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Biofuels in South America - Statistics & Facts

The Paris Agreement, in which signing parties agreed upon the need of a global reduction in greenhouse gas emissions, entered into force in November 2016. Nearly five years later, the issue remains just as, if not more, pressing. In the transportation sector, one path toward emission reduction is the replacement of fossil fuels with biofuels. Unlike its counterparts, biofuels are produced from a variety of crops, and their combustion emissions are at least partially offset by the absorption of CO₂ from the feedstock crop during its lifetime. As such, there is a general consensus that the use of biofuels needs to increase dramatically in the next decades, in order to reach the proposed emissions targets. In this context, South America – home to two of the leading biofuel-producing countries worldwide – plays an important role.

Riding with ethanol fuel before it was cool

In 2019, Brazil was the second largest biofuel producer in the world, ranking only behind the U.S. But the South American country’s history with ethanol fuel – which accounts for over 85 percent of the national biofuel output – is no recent trend. Since 1976, a blend of ethanol fuel in commercialized gasoline is mandatory, with the minimum blend rate standing at 27 percent as of 2021. In addition, pure ethanol is also sold as vehicle fuel in Brazilian petrol stations, frequently a cheaper alternative against surges in gasoline prices. In fact, more than eight out of ten new light vehicles registered in the country are “flexible fuel” (vehicles with an engine that can run on any ratio of ethanol and gasoline).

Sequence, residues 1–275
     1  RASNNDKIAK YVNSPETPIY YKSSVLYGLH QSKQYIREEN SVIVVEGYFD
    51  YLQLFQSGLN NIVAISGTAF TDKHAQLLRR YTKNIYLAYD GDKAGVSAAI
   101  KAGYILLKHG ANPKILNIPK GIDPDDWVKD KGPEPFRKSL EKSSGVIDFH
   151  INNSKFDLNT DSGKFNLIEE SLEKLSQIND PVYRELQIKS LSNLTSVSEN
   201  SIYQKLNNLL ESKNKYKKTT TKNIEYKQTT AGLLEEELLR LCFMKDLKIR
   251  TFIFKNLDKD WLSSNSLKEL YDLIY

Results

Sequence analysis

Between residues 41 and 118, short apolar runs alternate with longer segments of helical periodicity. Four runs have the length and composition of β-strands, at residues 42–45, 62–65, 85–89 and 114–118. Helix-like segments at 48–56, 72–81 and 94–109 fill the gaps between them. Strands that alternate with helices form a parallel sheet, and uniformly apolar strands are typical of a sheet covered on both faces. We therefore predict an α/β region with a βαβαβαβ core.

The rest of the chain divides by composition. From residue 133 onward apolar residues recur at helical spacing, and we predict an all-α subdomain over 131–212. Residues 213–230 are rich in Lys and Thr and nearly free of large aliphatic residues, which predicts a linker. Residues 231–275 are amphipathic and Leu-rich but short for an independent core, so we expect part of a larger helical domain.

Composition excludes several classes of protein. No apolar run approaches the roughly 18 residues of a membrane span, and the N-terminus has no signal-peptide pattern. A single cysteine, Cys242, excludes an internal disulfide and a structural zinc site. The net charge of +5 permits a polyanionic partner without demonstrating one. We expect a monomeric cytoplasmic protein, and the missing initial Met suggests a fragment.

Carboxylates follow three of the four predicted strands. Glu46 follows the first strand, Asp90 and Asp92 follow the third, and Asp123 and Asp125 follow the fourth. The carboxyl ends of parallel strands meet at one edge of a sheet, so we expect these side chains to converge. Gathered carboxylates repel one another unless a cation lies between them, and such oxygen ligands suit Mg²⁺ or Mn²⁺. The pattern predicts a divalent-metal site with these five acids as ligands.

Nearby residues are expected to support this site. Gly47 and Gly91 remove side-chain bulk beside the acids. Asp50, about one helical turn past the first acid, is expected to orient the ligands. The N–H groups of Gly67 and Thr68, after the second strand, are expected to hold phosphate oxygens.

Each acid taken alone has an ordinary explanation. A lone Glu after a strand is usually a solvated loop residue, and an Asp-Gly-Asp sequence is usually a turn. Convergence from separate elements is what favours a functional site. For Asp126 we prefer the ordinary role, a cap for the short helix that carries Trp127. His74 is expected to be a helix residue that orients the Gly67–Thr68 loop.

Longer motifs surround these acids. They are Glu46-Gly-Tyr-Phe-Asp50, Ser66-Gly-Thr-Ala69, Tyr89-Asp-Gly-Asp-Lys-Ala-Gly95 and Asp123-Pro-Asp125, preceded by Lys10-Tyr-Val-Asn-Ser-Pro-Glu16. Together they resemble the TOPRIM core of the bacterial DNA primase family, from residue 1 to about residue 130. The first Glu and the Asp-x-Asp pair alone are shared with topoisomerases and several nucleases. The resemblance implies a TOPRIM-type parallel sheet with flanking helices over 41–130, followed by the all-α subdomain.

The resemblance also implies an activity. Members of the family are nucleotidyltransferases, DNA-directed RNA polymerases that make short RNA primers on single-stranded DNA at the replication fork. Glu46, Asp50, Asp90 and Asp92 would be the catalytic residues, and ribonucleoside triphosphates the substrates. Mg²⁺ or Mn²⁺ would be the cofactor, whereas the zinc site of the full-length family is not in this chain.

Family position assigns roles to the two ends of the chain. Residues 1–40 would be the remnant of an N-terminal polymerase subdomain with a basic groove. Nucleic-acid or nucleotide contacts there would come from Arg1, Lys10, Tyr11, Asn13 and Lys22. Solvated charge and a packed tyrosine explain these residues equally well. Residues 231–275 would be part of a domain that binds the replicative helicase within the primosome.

A similar, yet more recent development is also seen in Argentina, the second biggest producer in the region. The mandated blend of ethanol fuel in gasoline sold in the country was first enforced in 2010. Since then, the Argentine ethanol fuel output has increased by nearly nine-fold, surpassing one billion liters per year. In contrast, Colombia’s annual production has oscillated throughout the past decade, with the blend mandates adjusted accordingly in order to supply the internal demand. Nowadays, however, with the blend rate fixed at 10 percent in most of the country, Colombia has found itself increasingly more dependent on ethanol fuel imports.

Biodiesel demand is also on the rise

In regard to biodiesel, Brazil, Colombia, and Argentina display a similar mandated blend rate in commercialized diesel fuel. While market prices are set by the national government in the two Spanish-speaking countries, sales of biodiesel in Brazil are carried out through bi-monthly auctions. In terms of market, however, Argentina is the one that distinguishes itself within the trio. In Brazil and Colombia, biodiesel production mainly supplies the internal demand. In contrast, in Argentina, biodiesel output was historically boosted with a focus on the foreign market. Although the domestic consumption increased over the past decade, following the establishment of a blend mandate, biodiesel exports still account for nearly half of the Argentine production.

Interesting statistics

In the following 6 chapters, you will quickly find the {amountStatistics} most important statistics relating to "Biofuels in South America".